Pregnant, I have brown losses

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Pregnant, I have brown losses

If expecting a child is usually synonymous with high happiness, pregnancy and its share of small “ailments” are also a source of concern. This is the case in particular of vaginal bleeding or spotting. Is this normal during pregnancy? What are they due? What should be done? The answers.

Pregnant, I have brown losses
Pregnant, I have brown losses

What is Spotting?

A color varying between red and brown, spotting or vaginal bleeding assumes the appearance of the rules, except that it is much less abundant and is more akin to losses regarding volume.

While many pregnant women are concerned about this phenomenon in early pregnancy, almost one-quarter of them have vaginal bleeding during the first trimester of pregnancy. Nevertheless, it is important to talk to your gynecologist to ensure that the fetus develops normally.

What causes brown losses?

Relatively common in early pregnancy, vaginal bleeding is often caused by our dear hormones. It must be said that the menstrual cycle of the pregnant woman is subjected to such upheavals that it sometimes struggles to adapt and acts as if nothing had happened! Result: you have what are called birthday rules on the date you should have had your menstruation.

However, spotting can also occur during nidation of the egg within a hypervascularized uterine wall. In this case, the blood loss does not last more than two days. Finally, bleeding can be a sign of the presence of a fibroid, a vaginal infection or an outgrowth in the cervix.

Brown losses, a sign of a more serious problem?

Sometimes, in some cases, vaginal bleeding are the first signs of a miscarriage. This spontaneous abortion is characterized by the loss of the fetus before the 24th week of pregnancy and is usually accompanied by abdominal pain.

However, some miscarriages go unnoticed and are considered to be late rules. However, spottings can also result from an ectopic pregnancy. This type of pregnancy, which develops out of the uterine cavity, is nonviable. Detected between the 4th and 10th weeks of pregnancy, ectopic pregnancy is a medical emergency because its consequences can be significant for the woman concerned.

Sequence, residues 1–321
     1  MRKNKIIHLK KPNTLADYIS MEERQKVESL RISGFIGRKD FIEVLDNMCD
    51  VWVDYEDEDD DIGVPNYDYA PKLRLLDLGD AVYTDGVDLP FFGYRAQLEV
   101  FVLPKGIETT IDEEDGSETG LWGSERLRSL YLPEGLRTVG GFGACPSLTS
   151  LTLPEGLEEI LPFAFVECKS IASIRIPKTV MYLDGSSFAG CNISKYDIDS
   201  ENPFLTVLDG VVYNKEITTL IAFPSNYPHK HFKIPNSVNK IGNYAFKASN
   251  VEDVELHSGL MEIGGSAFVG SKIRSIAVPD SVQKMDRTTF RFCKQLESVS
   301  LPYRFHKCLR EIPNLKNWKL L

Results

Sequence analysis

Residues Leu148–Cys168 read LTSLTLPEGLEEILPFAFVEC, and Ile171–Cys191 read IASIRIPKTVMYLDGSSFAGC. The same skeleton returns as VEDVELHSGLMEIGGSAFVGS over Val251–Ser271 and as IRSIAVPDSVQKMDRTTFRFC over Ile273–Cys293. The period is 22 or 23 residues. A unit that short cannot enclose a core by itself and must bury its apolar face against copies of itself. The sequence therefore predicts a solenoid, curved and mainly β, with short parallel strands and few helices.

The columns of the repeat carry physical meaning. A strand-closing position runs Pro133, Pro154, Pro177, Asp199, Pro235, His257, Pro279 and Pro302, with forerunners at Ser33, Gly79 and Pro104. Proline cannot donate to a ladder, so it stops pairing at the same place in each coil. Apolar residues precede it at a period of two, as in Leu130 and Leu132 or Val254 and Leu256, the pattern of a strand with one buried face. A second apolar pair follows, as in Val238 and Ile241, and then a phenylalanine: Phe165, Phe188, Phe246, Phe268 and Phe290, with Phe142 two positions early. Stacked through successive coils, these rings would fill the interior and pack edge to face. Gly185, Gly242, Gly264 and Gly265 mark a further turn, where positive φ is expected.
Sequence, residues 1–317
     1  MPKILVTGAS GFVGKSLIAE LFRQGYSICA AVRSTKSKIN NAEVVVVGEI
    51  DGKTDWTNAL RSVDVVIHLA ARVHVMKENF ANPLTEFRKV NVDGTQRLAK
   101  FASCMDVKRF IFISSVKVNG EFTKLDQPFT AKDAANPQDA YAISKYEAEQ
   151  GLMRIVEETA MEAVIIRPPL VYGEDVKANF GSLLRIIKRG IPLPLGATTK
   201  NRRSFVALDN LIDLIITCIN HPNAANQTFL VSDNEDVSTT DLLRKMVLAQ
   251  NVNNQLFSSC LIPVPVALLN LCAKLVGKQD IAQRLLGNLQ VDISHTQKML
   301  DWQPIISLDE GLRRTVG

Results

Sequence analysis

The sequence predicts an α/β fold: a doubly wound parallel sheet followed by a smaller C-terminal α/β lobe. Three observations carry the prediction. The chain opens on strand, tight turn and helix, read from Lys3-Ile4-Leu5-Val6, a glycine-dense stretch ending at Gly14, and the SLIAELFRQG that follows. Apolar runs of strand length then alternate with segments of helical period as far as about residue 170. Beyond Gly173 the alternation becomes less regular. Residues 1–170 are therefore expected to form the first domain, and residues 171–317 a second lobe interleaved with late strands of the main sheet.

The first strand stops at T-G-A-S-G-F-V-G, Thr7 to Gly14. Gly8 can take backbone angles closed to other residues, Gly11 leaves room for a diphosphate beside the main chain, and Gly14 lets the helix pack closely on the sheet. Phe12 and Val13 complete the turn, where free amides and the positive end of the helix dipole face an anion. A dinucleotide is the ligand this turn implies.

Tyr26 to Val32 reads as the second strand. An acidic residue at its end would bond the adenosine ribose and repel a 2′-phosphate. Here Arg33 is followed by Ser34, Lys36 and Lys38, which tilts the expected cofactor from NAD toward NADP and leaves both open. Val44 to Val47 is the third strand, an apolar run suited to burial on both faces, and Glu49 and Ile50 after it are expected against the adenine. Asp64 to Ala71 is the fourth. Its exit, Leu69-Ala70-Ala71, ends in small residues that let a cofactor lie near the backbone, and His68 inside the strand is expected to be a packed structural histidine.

How to respond to vaginal bleeding?

If they are likely to be mild, spottings should be taken seriously. It is therefore highly recommended to consult your gynecologist or your attending physician. These practitioners are the only ones authorized to prescribe the examinations necessary to control the smooth running of your pregnancy.

An ultrasound is performed to check the implantation of the egg when bleeding occurs during the first trimester and to invalidate the diagnosis of ectopic pregnancy. Blood and urine tests may also be recommended, in particular for detecting a possible rhesus incompatibility between the mother and the fetus.

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What are the consequences of vaginal discharge on the fetus?

Usually, your baby should not suffer any of these vaginal bleedings which are, most of the time, mild. The majority of pregnant women who experienced blood loss during the first trimester completed their pregnancy without difficulty.

Nevertheless, the presence of brown losses during the 2nd or 3rd quarter should prompt you to consult. Such late bleeding may be a sign of placenta praevia, that is, of a placenta that partially or completely covers the cervix. This type of abnormality can lead to complications for the mother and child, including premature delivery. To comfort you, tell your doctor who will tell you what to do.

We recommend reading the article: 4 recipes to boost your fertility